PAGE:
"We have a number of high-profile institutions that are using our tools," Draghici says. "We are also getting ready to release a new web application called iPathwayGuide."

Advaita employs a staff of 11 people, along with three summer interns. It has hired two people over the last year, including a project manager and PhD-level research scientists. It is currently looking to hire up to two software developers as the company aims to ramp up the commercialization of its technology over the rest of the year.

"We would like to expand our user base substantially," Draghici says. "We'd like to include some big pharmaceutical companies as customers."

Source: Sorin Draghici, president & CEO of Advaita
Writer: Jon Zemke

Mahindra GenZe expands Ann Arbor operations, plans to hire

Mahindra GenZe opened a technical center in Ann Arbor a little more than a year ago, creating a couple dozen white collar jobs. Now the Indian-based scooter manufacturer is opening a manufacturing facility and looking to hire couple dozen blue collar workers.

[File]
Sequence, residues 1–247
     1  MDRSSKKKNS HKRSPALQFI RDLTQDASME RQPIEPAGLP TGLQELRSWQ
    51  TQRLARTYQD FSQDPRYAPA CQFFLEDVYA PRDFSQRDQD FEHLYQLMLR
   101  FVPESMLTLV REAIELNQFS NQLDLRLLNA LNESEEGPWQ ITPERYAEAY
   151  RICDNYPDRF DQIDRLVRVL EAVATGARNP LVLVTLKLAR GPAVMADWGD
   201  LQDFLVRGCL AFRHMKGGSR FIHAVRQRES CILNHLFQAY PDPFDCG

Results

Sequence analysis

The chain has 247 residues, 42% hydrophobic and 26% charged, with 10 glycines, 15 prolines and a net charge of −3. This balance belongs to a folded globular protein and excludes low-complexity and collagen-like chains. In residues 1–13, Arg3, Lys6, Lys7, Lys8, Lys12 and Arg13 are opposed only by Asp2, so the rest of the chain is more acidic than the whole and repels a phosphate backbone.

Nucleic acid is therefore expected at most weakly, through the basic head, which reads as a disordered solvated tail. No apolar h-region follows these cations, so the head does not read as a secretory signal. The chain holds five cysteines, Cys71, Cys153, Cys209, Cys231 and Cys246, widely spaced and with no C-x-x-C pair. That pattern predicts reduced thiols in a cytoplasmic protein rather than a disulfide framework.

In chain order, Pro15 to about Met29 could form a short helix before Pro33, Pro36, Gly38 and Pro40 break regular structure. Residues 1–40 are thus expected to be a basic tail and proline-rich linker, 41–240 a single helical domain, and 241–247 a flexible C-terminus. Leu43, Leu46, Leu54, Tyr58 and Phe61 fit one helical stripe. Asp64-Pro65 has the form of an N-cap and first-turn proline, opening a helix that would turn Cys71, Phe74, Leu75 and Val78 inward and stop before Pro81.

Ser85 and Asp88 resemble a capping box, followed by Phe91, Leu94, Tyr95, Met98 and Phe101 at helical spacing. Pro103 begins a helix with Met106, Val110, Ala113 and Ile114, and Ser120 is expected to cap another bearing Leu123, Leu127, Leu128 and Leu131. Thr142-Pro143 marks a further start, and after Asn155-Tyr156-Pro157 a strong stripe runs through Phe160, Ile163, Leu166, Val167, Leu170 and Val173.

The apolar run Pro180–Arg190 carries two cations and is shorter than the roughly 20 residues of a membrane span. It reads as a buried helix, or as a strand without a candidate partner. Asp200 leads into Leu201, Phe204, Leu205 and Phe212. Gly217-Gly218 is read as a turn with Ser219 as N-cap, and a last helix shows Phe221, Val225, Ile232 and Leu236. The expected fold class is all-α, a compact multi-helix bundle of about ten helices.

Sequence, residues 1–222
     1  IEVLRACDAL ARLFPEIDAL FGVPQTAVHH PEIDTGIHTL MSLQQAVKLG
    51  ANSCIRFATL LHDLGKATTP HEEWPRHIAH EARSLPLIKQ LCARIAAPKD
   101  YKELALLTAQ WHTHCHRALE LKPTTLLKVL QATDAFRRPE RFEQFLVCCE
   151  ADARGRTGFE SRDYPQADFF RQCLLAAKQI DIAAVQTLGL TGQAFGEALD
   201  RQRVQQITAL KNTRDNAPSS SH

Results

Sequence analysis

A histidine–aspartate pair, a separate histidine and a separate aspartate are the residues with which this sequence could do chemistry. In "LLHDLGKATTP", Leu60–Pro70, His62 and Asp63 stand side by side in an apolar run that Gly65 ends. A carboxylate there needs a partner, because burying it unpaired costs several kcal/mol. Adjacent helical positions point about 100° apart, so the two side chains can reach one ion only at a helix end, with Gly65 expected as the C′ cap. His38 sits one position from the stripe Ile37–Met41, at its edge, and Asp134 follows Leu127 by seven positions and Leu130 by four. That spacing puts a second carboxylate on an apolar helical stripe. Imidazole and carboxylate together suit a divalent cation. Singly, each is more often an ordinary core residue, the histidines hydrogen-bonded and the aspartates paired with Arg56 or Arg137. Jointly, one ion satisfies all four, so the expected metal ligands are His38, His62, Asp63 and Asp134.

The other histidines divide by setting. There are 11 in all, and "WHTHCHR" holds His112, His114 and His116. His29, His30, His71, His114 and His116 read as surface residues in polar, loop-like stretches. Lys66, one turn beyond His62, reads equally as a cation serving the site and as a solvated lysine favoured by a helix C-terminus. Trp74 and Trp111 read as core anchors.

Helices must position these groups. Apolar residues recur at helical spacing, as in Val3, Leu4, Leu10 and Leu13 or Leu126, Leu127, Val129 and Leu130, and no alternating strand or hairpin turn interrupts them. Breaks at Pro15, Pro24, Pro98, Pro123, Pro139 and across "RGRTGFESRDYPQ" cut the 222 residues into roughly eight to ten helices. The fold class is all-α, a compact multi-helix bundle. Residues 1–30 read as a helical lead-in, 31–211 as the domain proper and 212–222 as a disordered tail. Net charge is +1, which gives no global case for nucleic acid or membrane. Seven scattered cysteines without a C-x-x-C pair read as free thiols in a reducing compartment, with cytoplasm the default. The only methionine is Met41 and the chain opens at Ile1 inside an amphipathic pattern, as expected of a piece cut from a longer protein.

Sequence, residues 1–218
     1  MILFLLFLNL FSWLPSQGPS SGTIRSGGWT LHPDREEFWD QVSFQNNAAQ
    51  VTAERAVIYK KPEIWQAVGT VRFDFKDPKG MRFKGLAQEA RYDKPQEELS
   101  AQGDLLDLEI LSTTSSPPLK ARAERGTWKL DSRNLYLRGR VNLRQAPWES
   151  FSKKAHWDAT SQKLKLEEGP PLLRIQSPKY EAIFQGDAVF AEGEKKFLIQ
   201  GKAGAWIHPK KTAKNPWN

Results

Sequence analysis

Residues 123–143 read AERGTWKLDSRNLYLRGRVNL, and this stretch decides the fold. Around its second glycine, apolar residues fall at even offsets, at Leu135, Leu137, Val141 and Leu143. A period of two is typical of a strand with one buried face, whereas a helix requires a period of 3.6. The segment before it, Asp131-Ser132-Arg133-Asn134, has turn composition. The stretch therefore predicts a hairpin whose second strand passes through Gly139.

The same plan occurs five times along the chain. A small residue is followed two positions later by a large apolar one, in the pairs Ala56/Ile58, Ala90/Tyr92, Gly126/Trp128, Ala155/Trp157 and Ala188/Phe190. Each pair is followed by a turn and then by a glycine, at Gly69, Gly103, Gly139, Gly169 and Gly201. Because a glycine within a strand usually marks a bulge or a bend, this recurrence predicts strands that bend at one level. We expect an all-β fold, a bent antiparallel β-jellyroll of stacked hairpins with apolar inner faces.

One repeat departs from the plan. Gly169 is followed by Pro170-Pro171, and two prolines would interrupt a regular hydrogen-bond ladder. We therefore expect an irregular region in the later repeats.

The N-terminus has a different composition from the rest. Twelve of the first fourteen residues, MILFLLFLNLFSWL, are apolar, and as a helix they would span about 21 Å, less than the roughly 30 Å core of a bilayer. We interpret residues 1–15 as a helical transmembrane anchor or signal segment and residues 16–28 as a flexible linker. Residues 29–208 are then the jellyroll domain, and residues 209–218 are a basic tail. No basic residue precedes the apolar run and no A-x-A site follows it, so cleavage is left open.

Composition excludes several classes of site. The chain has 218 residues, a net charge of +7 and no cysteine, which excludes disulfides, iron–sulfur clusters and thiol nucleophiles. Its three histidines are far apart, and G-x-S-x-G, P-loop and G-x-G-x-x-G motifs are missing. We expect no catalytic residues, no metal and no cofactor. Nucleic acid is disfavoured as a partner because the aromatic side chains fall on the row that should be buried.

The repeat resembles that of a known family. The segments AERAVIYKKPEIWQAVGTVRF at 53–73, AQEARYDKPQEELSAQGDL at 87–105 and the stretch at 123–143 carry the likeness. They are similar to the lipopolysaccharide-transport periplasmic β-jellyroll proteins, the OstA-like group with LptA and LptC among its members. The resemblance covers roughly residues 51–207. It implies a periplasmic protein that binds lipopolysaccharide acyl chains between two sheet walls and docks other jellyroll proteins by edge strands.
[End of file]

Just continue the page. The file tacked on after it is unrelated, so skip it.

"We will begin hiring for those soon," says Terence Duncan, head of consumer engagement for Mahindra GenZe.

The division of the multinational company Mahindra and Mahindra is designing and manufacturing a scooter, and is choosing to do so in the Ann Arbor area. It opened its engineering and design center in Ann Arbor and has hired 26 people for it over the last year.

Mahindra GenZe plans to invest up to $2 million in its manufacturing facility, a move that is expected to create 34 new jobs over the next year. Duncan expects that work to begin this spring and go through the summer and early fall.

"We should be up and running, shipping our product by late fall," Duncan says.

Location turned out to be a big factor in Mahindra GenZe’s decision to locate in Ann Arbor. Ann Arbor SPARK helped make the deal happen, highlighting the area's strengths and strategic location, among other qualities.